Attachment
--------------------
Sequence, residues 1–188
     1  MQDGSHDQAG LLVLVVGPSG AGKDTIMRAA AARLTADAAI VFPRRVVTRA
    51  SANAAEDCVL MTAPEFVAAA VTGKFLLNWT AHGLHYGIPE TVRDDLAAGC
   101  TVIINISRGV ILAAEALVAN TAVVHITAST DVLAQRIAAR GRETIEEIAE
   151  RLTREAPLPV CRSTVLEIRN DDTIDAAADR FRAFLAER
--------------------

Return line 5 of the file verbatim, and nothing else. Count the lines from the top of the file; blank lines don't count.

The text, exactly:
   151  RLTREAPLPV CRSTVLEIRN DDTIDAAADR FRAFLAER